MK Ahmed Tibi (UAL - Ta'al) in the Knesset..
(photo credit: MARC ISRAEL SELLEM/THE JERUSALEM POST)
Arab citizens are divided over whom to support in general election, but most support United Arab List- Ta’al, headed by MK Ahmed Tibi, according to polling data the Statnet research institute shared with The Jerusalem Post.
A united bloc headed by Tibi would get the most mandates of any Arab constellation, with around 11 Knesset seats, and would get 10 if Hadash chairman Muhammad Barakei or Balad leader Jamal Zahalka headlined it.
The vast majority (75 percent) of respondents support the Arab parties running together on one list.
If the parties run separately, as in the past, 26% support United Arab List-Ta’al, 18% Hadash, 10% Balad and 15% Jewish parties. Another 28% of Arab voters are undecided.
Assuming that Arab turnout for the March 17 election will be higher than 62% and the distribution of votes of the undecided voters is distributed proportionally, Statnet predicts Tibi’s party would get between five and six seats in the next Knesset.
Hadash would get around four, Balad would fail to reach the 3.25% threshold and so get zero seats, and the Zionist parties would get around three mandates from Arab voters.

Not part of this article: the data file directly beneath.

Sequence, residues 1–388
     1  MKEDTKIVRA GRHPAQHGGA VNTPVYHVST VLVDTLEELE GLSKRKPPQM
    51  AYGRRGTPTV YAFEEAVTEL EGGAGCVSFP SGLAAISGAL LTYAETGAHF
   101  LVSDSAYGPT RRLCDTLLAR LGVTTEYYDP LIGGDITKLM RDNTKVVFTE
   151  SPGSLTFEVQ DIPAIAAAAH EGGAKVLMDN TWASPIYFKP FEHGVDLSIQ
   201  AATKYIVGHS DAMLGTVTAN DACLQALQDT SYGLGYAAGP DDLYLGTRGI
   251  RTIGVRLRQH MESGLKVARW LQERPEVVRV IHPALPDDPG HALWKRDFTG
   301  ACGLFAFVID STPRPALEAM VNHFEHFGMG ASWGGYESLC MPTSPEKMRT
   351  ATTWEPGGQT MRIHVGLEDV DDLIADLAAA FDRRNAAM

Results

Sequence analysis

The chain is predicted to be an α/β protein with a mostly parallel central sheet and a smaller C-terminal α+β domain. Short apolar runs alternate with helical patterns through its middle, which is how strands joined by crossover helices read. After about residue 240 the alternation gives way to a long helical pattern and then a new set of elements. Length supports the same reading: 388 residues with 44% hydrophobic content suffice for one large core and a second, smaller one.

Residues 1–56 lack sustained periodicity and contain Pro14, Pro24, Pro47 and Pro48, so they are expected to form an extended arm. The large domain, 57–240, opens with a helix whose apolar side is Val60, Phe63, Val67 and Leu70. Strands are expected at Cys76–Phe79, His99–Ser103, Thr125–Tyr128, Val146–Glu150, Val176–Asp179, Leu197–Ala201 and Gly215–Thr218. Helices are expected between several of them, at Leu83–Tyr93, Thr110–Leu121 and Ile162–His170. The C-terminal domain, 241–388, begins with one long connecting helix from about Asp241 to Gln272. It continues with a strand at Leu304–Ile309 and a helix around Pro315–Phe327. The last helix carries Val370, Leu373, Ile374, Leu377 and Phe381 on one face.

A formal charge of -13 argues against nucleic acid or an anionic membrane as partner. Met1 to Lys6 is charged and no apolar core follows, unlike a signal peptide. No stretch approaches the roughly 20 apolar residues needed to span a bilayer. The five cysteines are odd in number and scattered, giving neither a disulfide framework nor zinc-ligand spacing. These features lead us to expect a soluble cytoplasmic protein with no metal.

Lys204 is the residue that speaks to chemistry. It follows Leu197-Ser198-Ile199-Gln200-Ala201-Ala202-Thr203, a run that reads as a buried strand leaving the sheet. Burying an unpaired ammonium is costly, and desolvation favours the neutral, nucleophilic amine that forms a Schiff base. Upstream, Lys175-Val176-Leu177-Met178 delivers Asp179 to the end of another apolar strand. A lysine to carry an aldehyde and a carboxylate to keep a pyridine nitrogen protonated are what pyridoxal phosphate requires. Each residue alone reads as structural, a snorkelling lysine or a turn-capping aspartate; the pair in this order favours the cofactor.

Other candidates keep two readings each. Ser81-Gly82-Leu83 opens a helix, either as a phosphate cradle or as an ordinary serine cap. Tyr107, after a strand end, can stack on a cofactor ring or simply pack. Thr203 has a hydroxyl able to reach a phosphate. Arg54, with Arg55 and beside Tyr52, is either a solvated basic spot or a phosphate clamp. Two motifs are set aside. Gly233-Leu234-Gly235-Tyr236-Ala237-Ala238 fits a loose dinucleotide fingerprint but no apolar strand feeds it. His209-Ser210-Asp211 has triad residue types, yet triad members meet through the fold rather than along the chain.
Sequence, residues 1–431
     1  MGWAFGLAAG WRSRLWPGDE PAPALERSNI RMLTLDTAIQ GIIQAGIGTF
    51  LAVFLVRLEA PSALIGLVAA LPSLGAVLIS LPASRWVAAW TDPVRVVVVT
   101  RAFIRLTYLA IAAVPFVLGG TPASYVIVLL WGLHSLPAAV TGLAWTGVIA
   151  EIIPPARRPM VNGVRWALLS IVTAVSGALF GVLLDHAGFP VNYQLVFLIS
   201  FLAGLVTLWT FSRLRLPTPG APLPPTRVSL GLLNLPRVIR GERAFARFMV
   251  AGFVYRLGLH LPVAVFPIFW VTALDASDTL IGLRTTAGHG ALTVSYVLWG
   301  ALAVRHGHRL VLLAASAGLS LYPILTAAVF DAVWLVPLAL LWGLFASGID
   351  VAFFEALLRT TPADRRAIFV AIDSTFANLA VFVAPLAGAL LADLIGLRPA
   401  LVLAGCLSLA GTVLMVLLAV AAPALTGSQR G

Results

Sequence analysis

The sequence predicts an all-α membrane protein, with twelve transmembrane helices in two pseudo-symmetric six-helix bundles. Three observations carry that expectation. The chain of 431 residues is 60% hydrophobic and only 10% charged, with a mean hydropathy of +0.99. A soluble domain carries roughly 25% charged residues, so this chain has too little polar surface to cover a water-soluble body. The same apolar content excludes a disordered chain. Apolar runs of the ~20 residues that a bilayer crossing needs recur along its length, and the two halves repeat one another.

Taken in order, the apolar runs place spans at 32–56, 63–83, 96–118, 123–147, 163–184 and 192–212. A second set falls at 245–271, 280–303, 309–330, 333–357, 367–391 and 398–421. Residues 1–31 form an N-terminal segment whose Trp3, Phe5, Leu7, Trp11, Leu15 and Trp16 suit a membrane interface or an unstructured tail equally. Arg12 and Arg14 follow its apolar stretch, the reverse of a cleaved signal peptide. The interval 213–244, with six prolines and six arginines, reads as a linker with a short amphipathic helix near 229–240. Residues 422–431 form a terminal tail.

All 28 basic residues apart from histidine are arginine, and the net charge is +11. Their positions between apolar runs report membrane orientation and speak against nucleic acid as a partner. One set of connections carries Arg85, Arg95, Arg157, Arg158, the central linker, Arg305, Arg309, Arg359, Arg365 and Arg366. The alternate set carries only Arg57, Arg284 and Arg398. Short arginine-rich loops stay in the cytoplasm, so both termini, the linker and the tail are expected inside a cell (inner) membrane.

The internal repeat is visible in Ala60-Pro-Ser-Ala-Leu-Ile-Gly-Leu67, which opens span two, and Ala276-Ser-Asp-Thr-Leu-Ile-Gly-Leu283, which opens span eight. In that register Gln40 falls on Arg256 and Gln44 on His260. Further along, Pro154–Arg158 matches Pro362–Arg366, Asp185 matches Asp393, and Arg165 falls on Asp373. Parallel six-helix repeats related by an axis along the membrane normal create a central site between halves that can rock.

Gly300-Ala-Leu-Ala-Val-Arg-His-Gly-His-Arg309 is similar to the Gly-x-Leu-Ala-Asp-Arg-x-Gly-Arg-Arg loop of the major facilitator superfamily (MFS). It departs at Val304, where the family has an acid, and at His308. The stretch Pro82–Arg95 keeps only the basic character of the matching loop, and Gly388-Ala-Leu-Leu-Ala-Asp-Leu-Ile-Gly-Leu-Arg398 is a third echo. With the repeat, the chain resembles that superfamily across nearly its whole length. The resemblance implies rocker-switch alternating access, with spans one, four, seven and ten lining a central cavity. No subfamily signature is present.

The poll was commissioned by former United Arab List-Ta’al MK Taleb a-Sana in order to check the popularity of Arab parties and various scenarios of uniting them.
It was conducted on Tuesday and Wednesday last week and included phone interviews of 403 Arab citizens nationwide, not including east Jerusalem.
The survey was conducted in Arabic and 63% of the respondents were men and 37% women, with a margin of error of 3.5 percentage points.
Of those that were polled, 81% were Muslim, 9% Druse and 10% Christian.
Most of the Muslims polled (31%) said they support Tibi’s party, while only 6% of the Druse polled said so, and no Christians.
Druse said overwhelmingly (71%) they would support Jewish parties.
Fifty-nine percent of the Christians polled said they would vote for Arab-Jewish party Hadash.
The parties – United Arab List-Ta’al, Hadash and Balad – have been unable to close a deal to run together, much less agree on who would lead the new grouping for the election.
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